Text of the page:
Confident Romney continues shift to center

Rep. Allen West, R-Fla., center, waves before introducing Republican presidential candidate and former Massachusetts Gov. Mitt Romney, second from left, and his wife Ann, left, during a campaign rally, Sunday, Oct. 7, 2012 in Port St. Lucie, Fla.
AP Photo

PORT ST. LUCIE, Fla. An optimistic Mitt Romney told a Florida audience Sunday that after he wins the Sunshine State and takes back the White House, he will do "everything in (his) power" to unite the American people, including working across the aisle with Democrats in Congress.

Speaking under dark rain clouds in south-central Florida, Romney rallied a crowd of more than 9,000 people, telling them that the "the sunshine is comin' through...for this country."

The candidate has drawn some of his largest audiences to date in the days following his strong debate performance against President Obama. He told the audience that he had "enjoyed" the experience, while getting in a dig at Obama.

"You all had the chance to hear his answers, or his non-answers," Romney said as the crowd roared its approval. "Now, of course, days later we are hearing his excuses, and next January we'll be watching him leave the White House for the last time."

Continuing a theme from the Wednesday night debate, Romney presented himself as a pragmatic, bipartisan alternative to the president.

"I commit to you this, I will do everything in my power to draw on that greatness of the American people," Romney said, with his wife Ann by his side. "To make us more united as a people. To have us pull together. To reach across the aisle and find good Democrats in the House and the Senate that care deeply about America, just as I do. I know they're there."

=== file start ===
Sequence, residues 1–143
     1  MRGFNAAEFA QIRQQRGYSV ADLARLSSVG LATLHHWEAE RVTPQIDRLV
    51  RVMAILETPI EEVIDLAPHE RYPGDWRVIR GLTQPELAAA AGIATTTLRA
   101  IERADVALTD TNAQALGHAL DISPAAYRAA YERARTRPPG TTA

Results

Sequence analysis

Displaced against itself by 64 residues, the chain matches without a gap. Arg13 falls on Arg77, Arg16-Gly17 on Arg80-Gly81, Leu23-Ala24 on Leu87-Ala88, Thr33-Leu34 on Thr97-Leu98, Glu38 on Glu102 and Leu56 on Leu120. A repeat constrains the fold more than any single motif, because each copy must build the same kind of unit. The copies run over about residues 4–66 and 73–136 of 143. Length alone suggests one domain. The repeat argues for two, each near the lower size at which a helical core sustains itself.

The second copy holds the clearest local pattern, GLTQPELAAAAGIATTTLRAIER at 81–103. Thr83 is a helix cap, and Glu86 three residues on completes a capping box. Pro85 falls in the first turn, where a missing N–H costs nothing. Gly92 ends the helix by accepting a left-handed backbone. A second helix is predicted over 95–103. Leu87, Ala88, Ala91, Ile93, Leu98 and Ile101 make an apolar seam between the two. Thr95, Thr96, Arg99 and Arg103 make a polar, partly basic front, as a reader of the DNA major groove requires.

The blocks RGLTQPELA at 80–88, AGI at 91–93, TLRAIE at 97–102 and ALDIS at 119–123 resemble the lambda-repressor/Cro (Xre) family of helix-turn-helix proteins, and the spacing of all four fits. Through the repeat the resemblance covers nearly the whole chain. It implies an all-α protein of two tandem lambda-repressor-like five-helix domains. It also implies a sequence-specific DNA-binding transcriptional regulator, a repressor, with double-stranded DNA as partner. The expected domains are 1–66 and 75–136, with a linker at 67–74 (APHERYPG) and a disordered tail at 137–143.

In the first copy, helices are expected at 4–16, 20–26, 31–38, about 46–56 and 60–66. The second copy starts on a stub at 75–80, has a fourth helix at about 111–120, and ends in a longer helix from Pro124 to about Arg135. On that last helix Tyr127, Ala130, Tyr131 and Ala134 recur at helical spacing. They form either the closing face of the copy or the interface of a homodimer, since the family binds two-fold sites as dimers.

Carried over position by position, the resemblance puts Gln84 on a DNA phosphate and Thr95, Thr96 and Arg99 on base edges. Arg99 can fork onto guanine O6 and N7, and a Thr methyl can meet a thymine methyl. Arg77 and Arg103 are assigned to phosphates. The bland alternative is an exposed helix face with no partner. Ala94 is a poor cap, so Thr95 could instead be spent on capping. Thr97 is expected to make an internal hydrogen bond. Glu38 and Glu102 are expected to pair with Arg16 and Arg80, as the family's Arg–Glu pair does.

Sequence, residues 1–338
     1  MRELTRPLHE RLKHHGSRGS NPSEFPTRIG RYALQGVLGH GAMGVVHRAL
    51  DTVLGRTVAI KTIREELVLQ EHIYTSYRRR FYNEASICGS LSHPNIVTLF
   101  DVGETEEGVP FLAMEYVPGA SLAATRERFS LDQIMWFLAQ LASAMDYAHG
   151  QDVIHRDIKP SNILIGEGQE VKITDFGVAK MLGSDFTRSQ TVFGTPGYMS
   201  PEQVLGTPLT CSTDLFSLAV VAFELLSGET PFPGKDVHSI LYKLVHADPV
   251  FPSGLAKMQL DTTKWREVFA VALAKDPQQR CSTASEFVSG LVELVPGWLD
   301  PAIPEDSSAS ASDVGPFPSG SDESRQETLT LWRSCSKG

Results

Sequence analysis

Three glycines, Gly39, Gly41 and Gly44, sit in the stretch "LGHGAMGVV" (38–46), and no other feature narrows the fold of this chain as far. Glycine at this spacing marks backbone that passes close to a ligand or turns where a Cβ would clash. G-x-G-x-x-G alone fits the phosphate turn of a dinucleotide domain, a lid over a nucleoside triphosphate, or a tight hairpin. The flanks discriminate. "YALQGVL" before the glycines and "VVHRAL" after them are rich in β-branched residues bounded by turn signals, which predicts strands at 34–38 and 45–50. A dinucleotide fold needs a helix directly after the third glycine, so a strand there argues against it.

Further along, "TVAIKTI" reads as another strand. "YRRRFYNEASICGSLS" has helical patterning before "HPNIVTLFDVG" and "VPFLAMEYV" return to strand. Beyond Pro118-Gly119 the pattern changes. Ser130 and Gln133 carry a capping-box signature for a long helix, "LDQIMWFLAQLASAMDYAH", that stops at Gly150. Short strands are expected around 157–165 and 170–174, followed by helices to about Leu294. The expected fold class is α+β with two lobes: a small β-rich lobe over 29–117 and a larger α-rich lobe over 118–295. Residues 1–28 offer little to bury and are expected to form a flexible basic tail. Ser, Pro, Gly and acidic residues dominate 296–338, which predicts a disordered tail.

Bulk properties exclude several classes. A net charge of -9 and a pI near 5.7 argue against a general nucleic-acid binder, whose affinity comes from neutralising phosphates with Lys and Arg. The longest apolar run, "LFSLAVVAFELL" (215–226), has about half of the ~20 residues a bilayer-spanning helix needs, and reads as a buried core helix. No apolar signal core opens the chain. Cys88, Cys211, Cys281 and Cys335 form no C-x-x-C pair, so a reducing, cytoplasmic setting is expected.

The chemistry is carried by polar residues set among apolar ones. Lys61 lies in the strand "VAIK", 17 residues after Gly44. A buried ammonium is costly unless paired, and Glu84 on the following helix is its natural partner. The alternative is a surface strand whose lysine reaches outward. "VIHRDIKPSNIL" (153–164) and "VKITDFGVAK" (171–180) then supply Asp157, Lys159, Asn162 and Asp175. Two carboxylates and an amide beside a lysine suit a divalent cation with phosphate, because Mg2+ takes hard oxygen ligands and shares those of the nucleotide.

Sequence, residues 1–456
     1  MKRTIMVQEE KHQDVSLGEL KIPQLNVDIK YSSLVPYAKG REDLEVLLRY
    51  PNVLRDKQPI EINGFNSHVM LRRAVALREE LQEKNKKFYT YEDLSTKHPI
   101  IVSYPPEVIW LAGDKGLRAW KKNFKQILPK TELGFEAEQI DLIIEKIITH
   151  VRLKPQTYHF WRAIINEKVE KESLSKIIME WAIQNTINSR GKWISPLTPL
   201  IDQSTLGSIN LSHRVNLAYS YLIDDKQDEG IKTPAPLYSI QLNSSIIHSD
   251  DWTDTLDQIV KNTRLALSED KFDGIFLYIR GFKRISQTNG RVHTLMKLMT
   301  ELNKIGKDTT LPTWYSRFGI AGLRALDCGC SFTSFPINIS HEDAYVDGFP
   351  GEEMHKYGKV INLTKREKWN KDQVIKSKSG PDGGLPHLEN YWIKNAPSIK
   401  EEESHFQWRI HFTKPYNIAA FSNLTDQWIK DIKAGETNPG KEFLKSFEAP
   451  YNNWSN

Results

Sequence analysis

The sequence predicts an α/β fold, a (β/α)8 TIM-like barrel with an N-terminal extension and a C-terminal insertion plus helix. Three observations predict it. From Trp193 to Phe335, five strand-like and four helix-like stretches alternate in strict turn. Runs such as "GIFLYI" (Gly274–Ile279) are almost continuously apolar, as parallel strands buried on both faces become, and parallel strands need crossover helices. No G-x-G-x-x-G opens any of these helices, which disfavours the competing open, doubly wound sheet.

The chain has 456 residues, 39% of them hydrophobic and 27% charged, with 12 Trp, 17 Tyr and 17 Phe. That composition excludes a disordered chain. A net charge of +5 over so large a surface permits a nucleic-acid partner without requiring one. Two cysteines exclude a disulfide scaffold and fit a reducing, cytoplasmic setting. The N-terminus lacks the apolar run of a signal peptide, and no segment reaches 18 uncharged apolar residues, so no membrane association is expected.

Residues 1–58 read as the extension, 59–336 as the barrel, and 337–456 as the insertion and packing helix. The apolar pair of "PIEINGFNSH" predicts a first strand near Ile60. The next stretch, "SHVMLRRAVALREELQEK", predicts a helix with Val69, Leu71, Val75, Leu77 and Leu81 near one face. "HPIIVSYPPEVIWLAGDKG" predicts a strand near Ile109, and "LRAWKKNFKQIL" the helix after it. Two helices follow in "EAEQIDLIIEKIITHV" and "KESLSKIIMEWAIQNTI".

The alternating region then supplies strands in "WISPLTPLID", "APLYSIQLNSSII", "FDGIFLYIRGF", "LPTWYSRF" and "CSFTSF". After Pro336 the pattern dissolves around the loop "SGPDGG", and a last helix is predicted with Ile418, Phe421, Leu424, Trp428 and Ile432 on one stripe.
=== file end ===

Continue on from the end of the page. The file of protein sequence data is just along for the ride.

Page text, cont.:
The former Massachusetts governor's debate performance has been widely viewed as a rhetorical move from the right to the center of the political spectrum. He spoke positively about his Massachusetts health care plan, championed Medicare, said some regulations are necessary in a free market, vowed to work with Democrats, and said that while he would not raise taxes on poor and middle income Americans, he would also not reduce the tax burden on the wealthiest Americans.

Romney's pledges to "reach across the aisle" echo the promises made by George W. Bush and President Obama in their 2000 and 2008 campaigns, respectively. Both presidents found the goal hard to reach in a polarized capital. Romney's debate statements about having worked with Democrats in Massachusetts, meanwhile, have been challenged.

While conceding that Romney came out on top at the first of three presidential debates, the Obama campaign has focused its post-debate attacks on Romney's truthfulness.

On "Face the Nation," top Obama campaign adviser David Axelrod offered Romney mock praise for a "Gantry-esque performance" -- a reference to Elmer Gantry, Sinclair Lewis's book about an unethical evangelist -- and accused him of "serially rewriting history."

"It was completely unrooted in fact," Axelrod said of Romney's turn on the debate stage. "It was completely unrooted in the position he's taken before, and he spent 90 minutes trying to undo two years of campaigning."

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    Sarah Huisenga is covering the Mitt Romney campaign for CBS News and National Journal.